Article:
The Baltic Region

2018 Vol. 10 № 1

Regional Economy

An Assessment of the Economic Performance of the EU Baltic Region States

Abstract

The paper explores how the common economic space, a product of the EU, influenced the economies of the Baltic Sea Region states in 1995—2015. The authors investigate changes in the economic performance of the developed (Germany, Denmark, Finland, and Sweden) and Eastern European countries (Poland, Latvia, Lithuania, Estonia) during the integration of the latter states into the EU. Performance dynamics is analyzed for eight EU Baltic Sea Region countries. Three Russian Baltic regions constitute a control group. The authors conduct a production-function-based comparative analysis of development dynamics in individual countries to identify distinctive features for each group. Despite a rapid growth of Eastern European economies, the difference between the region’s eastern and western countries remains substantial. Economic convergence between eastern and western EU countries in terms of investment does not lead to convergence in labour efficiency. The capital-labour ratio and the growth rate of labour efficiency in the Russian Baltic are close to the Eastern European average.

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The External Economic Factor in the Development of Northwestern Regions: Institutional Support and an Impact Assessment

Abstract

This research is warranted, since the Northwestern Federal District accounts for a significant proportion of Russia’s exports. The study aims to reveal the connection between the federal district’s external and internal economic development and to identify the extent to which institutional support for international economic cooperation facilitates brisk international trade. The authors consider international trade from the perspective of its procedural and institutional components. The study stresses dependence between the total international trade and internal economic performance of Russia’s North-West. Another focus is an analysis of institutional support for the development factors and the levels and areas of international economic cooperation. The analysis shows that the Northwestern regions’ external and internal economic development is interdependent and there is considerable support for international cooperation at different levels and in different areas. To a degree, this is explained by the federal district’s geographical position and transport connections, the ‘Nordic’ character of the economy shared by the Russian and neighbouring territories, and the multi-tier nature of the institutional framework for international economic cooperation in the international region.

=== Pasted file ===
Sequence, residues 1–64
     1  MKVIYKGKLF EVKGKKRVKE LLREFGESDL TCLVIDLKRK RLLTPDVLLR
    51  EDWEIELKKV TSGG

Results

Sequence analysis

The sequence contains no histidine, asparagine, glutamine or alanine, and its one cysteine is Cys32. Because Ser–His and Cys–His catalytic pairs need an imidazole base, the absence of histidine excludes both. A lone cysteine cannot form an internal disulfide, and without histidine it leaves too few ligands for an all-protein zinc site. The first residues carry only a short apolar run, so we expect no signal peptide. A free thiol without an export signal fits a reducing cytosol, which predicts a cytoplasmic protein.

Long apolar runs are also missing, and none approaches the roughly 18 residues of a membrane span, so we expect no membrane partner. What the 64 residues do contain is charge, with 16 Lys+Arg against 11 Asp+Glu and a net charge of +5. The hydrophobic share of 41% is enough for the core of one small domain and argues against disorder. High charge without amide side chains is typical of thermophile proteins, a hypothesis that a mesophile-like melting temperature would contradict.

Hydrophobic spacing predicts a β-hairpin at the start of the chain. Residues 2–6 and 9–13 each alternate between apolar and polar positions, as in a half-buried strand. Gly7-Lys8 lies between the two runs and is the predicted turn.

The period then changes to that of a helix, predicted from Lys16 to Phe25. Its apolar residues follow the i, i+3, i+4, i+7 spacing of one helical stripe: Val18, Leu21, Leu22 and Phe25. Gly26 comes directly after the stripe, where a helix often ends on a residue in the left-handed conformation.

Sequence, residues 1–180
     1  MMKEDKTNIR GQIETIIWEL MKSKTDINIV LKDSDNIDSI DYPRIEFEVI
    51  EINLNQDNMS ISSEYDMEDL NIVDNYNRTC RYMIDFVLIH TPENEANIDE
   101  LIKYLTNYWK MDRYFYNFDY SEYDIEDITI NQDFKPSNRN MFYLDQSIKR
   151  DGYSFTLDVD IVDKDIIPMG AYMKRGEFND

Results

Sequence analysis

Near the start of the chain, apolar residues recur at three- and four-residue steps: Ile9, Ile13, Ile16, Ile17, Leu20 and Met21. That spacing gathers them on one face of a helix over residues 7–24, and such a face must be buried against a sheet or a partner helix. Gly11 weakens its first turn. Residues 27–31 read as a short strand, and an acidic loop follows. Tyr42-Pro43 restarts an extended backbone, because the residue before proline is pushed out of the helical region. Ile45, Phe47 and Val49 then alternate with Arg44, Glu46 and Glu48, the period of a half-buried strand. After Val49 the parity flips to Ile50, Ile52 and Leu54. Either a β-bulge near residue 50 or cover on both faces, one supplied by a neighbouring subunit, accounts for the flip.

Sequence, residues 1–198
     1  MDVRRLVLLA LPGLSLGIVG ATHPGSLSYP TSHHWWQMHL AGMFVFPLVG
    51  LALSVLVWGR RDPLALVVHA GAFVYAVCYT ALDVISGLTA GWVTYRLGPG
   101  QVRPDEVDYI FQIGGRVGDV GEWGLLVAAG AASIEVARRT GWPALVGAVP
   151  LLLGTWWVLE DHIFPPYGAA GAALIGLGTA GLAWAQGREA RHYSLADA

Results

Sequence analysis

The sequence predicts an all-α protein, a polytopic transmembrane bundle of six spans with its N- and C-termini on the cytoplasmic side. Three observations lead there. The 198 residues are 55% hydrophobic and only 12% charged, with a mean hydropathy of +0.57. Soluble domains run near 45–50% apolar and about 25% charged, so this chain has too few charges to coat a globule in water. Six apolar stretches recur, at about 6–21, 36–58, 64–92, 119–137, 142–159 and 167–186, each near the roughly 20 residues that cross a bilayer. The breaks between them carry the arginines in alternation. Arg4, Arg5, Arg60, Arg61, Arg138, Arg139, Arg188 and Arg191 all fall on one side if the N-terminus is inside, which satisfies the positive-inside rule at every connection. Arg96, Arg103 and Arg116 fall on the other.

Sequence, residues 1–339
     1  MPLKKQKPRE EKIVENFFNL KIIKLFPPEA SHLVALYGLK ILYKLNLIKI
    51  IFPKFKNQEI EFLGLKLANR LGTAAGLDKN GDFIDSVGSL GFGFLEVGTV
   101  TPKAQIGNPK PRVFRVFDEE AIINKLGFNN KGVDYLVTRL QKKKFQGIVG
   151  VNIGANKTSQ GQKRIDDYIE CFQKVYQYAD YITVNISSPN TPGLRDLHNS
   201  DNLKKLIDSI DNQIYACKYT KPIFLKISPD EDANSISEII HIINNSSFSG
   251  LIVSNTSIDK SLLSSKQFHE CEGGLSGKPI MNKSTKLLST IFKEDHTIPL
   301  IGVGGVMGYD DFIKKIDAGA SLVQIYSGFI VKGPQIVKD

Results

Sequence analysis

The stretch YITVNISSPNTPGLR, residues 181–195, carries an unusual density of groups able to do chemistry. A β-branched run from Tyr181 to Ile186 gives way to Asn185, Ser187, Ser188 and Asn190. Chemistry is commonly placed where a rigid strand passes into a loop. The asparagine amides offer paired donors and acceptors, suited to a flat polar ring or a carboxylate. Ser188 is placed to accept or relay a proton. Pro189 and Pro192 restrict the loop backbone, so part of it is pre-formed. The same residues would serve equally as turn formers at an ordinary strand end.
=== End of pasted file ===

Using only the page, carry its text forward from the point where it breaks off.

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The Role of Public Companies in Creating a Platform for Economic Growth in Saint Petersburg

Abstract

Saint Petersburg has a special mission in delivering national development priorities, ensuring sustainable economic growth, and commercializing R&D. This necessitates research on the situation in the corporate sector, including investment potential and propensity to invest. The authors estimate the readiness of Saint Petersburg public companies to employ investment tools in delivering development strategies, which determine to a large extent the competitiveness of the city’s economy. This article presents a study into the response of twenty local public companies to changes in the economy and their ability to stay efficient and preserve investment potential in volatile economic conditions. The measures taken by the companies are considered as inert and inefficient. The authors surveyed managers from 70 Russian non-public companies, who confirmed the hypothesis that businesses are interested in investing in the earning assets (securities) of other companies to receive interest (dividends). The respondents tend to associate the risk of such investments with the issuer’s corporate control and corporate governance, which often fall short of best practices. The authors conclude that there is a need to improve knowledge of corporate relations, which affect competitiveness and the raising of funds necessary for sustainable economic growth in Saint Petersburg.

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Regional Security

NATO Policies in the Baltics: Objectives and Priorities

Abstract

The authors employ geopolitical analysis to identify the core characteristics of NATO’s current policy towards the Baltic Sea region. After the demise of the Soviet Union, the region was considered as one of the safest in terms of military security. However, in the aftermath of the Ukraine crisis, the region has witnessed a growing tension in relations between NATO and the Russian Federation. A comparative analysis of NATO’s official documents on the Baltics shows that the chief pretext for increased military presence in the region is the alleged need to defend the Baltic states from the Russian threat. Special attention is paid to the attempts of Western military strategists to encourage the neutral Nordic states — Sweden and Finland — to accede to NATO. This would lead to the organisation’s northern enlargement. The current situation suggests that to ease tension in the Baltic Sea region Russia has not only to respond adequately to emerging military threats but also to launch an awareness campaign to explain its position and dispel the myth about Russia preparing to start a hybrid war against the Baltic States.

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East Baltics: Economic Dilemmas of Security

Abstract